As part of a creative event called “Walk a Mile in Her Hijab,” students at a Chicago high school joined their Muslim peers in wearing a hijab in order to get a better understanding of their faith.
“You can’t really understand or judge a person and their beliefs until you understand why they do it and what it’s like for them to do what they’re doing,” said Yasmeen Abdallah, who is the president of the school’s Muslim Student Association.
The Daily Herald reports:
The “Walk a Mile in Her Hijab” event Wednesday, hosted by the 10-member organization, was designed to allow non-Muslim female students the opportunity to wear the head covering and gain a better understanding of the Muslim faith. “This event is to hopefully denounce negative stereotypes,” Abdallah said.
Abdallah said the event was a good experience, one she hopes will become an annual event. A lot of the girls got positive feedback from other students and benefited from the experience, she said, despite one unknown male student who told a non-Muslim girl to take off the hijab as he passed in the hall.
Six members of the Muslim group devoted a good portion of their morning to placing an hijab each of the 17 non-Muslim girls who chose to participate in the event.
The event allowed others of a non-Muslim faith to learn about the meaning of the hijab and the religion.
According to the Muslim faith, modesty is commanded by God in Quran.
“I wanted to learn more about the religion, considering my uncle is also Muslim,” Charli Mosley a junior at the school said while wearing a red hijab, according to The Express Tribune. “With more people wearing a hijab around school, it could bring more acceptance to the religion and have more people become more aware.”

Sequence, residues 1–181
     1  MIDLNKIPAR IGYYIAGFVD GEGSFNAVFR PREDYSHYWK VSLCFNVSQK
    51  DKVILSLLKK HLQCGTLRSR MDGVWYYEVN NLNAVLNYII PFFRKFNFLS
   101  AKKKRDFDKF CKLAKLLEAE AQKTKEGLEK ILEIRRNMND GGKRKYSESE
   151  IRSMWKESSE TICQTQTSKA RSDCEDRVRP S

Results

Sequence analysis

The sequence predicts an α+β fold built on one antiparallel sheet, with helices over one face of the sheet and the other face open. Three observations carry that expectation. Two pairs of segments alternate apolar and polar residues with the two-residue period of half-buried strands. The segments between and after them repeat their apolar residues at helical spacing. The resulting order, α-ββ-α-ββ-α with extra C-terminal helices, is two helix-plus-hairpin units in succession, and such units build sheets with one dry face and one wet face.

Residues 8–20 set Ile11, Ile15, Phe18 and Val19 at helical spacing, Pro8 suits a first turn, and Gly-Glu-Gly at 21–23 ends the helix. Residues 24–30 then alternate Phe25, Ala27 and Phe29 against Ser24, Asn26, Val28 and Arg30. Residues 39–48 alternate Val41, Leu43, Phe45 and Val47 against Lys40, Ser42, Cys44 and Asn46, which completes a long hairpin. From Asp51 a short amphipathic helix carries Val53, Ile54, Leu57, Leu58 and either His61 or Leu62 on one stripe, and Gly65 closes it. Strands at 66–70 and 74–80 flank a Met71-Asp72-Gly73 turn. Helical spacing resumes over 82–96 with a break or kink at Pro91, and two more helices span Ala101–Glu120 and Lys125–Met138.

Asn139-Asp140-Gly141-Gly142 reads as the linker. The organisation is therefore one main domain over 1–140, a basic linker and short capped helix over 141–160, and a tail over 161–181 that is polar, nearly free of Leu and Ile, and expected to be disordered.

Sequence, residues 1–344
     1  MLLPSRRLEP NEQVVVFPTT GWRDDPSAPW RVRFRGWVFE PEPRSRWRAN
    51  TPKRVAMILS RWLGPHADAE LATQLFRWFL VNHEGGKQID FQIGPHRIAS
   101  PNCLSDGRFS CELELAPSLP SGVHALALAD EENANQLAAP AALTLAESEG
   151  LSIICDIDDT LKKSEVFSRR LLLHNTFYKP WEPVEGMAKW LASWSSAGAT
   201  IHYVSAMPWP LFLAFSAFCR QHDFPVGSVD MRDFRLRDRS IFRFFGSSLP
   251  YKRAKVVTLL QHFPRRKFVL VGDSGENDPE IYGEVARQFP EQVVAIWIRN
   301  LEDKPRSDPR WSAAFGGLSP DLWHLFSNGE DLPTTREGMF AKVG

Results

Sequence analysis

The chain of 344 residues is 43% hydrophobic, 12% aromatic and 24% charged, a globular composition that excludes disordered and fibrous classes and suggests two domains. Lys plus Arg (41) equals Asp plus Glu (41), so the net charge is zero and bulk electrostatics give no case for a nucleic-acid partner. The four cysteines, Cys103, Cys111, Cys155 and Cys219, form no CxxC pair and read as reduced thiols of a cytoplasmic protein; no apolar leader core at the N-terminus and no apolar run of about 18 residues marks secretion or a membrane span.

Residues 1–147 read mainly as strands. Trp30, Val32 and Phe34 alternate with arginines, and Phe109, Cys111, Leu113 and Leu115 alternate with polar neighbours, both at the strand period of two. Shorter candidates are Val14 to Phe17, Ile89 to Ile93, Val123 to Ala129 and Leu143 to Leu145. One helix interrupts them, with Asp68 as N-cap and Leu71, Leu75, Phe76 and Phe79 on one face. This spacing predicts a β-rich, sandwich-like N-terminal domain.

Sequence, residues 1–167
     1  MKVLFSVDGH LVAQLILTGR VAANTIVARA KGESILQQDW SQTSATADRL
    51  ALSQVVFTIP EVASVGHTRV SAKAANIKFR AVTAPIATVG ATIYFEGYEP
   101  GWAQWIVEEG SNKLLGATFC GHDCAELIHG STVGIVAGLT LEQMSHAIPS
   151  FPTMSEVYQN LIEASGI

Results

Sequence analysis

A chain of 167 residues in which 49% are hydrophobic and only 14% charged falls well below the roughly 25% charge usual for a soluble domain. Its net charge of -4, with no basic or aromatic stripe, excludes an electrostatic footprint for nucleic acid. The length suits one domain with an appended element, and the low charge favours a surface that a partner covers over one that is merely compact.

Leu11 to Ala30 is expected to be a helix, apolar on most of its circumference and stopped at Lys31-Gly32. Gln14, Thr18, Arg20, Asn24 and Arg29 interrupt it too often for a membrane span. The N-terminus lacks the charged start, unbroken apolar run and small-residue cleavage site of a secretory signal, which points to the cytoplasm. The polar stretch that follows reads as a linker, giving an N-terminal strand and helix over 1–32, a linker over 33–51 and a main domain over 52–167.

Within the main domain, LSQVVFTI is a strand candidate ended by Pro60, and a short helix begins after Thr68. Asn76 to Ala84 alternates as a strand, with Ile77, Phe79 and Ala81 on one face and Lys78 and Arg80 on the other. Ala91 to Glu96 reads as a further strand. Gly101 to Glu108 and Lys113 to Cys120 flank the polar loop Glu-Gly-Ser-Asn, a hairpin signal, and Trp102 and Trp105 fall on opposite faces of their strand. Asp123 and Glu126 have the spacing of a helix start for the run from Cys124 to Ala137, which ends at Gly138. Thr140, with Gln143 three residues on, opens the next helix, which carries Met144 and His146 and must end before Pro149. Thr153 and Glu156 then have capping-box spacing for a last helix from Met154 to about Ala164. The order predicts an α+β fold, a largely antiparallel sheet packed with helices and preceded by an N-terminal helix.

Organizers planned the event in May and it was not in response to the recent terrorist attacks in Paris and San Bernardino California.
Principal Jon Guillaume said Muslim Student Association members have told him they have been treated with respect at the school and he expressed admiration for those students, who he said searched for a way to communicate who they are.
“I think it is a difficult time to be a Muslim student in our high school, in our community, and in America,” Guillaume said. “I think this is an opportunity for our kids to embrace the Muslim community within the school. For other kids outside of this organization, to understanding what it’s like for these girls to walk through our halls in this garment in a way that stands out from other kids. So, I’m proud of them.”
We need more understanding and less division with political rhetoric heating up. The students participating in the event and their Muslims peers seem to understand that simply talking to each other provides a safer school environment.
As Bill Gates said, ‘When you revolutionize education, you’re taking the very mechanism of how people be smarter and do new things, and you’re priming the pump for so many incredible things.’
For some reason, I’m trying to picture Donald Trump in a hijab right now. I have no idea why.
Image: Screen grab.